Q: (Stewart Bell - Herald Sun) Mark, you were on fire from that last safety car period to the end; what was that like for you, that last stint, especially given it was your last British Grand Prix?

MW:
Yeah, it felt pretty good mate, I knew that I was going to make pretty light work of the guys ahead of me because they were on old tyres. I wanted information on Nico, I wanted to know what compound he was on and how his pace was before the safety car because I hadn’t seen him before in the race at any stage. They said that he was pretty quick so I was pretty keen to get past those guys early and then go from there, but both of us managed to get to the end of course on the limit but also managing the scenario with the tyres. So yeah, it was a nice finish to race. It would have been about a hundred cherries on top if I’d managed to get past him but I didn’t. He deserved the win and we made him work for it which was good and rewarding, but we could have got much more out of the car in the race today to be honest.

Q: (Michael Schmidt - Auto, Motor und Sport) I think all of you were asked by your race engineers after the tyre failures to stay off the kerbs; how much did it affect your racing, in particular Mark and Fernando who had been in fights or battles with other drivers?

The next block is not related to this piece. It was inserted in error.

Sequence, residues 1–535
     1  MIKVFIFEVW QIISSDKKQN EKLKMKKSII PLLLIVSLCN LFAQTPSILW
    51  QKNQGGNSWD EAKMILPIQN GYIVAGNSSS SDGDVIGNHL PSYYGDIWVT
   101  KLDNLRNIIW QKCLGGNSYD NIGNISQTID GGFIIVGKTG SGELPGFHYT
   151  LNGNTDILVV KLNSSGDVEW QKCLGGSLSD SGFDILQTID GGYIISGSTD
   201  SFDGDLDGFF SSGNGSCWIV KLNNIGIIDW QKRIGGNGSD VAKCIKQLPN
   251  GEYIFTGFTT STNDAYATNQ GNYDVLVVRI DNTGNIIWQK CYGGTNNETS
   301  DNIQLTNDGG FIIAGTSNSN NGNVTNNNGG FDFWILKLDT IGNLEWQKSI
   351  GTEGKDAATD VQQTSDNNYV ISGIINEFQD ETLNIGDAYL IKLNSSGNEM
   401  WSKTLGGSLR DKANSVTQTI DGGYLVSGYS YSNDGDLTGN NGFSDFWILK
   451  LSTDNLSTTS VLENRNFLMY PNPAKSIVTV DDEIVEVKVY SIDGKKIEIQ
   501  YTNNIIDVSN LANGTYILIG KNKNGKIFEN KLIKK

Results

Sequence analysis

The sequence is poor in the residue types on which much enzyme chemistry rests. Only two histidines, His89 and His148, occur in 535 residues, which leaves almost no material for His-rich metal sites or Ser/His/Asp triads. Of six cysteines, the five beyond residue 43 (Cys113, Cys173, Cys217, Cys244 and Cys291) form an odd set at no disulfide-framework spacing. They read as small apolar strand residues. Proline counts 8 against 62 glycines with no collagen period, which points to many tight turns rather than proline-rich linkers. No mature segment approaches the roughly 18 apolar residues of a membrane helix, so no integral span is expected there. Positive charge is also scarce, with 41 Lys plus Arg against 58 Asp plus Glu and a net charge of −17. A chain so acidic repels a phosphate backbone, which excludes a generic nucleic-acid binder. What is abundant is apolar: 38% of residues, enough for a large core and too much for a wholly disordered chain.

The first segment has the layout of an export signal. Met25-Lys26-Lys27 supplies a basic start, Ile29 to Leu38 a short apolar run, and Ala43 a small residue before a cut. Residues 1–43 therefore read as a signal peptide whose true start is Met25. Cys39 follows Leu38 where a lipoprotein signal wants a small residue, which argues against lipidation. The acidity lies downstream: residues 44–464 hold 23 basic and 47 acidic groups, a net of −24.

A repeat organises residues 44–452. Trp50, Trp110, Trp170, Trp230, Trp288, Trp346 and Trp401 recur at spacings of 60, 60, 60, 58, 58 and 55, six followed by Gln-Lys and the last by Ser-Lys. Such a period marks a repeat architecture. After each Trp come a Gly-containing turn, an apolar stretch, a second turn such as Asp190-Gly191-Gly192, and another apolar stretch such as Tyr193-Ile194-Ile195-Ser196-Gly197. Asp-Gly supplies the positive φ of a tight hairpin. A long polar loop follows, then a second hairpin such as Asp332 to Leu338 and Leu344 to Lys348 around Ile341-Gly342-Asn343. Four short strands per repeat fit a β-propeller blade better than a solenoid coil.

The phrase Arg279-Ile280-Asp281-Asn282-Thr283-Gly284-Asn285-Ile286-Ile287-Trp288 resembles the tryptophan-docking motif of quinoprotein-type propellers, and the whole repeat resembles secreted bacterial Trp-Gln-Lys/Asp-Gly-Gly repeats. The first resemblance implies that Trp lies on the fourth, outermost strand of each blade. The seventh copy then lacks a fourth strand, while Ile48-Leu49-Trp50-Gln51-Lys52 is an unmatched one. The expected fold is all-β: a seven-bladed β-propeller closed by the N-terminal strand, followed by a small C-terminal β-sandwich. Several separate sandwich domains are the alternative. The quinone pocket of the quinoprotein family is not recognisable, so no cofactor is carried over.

MW:
Well, it’s a compromise. You want to still push as hard as possible but you have to check your line a bit, change your trajectory, the radius is tighter, obviously, in certain corners, i.e. the quick stuff, Copse, Stowe, turn one, staying away from there. It turns out maybe it wasn’t really the kerbs, who knows but it’s just better to factor in everything that you possibly can. Some laps, when you’re in disturbed air and you get behind a car and you get a little bit wide then that’s life, you’ve got to... you can’t be super accurate when you’re tucked up behind the guy in the quick stuff so that’s just the decisions you have to make and yeah, we managed that as best we could.

FA: I didn’t change, I didn’t change lines. I didn’t change lines. I was fighting with twelve cars all the race through so you go in the dirty air, let’s say, and you lose downforce and you go straight out over the exit kerb. As I said, it’s hard to believe that the kerbs were the problem because we’ve been racing here for 12 years with those kerbs.

Q: (Jaime Rodriguez - El Mundo) Nico, do you think that without the Montmelo test Mercedes could be winning races like now?

NR:
For sure, yeah. Definitely.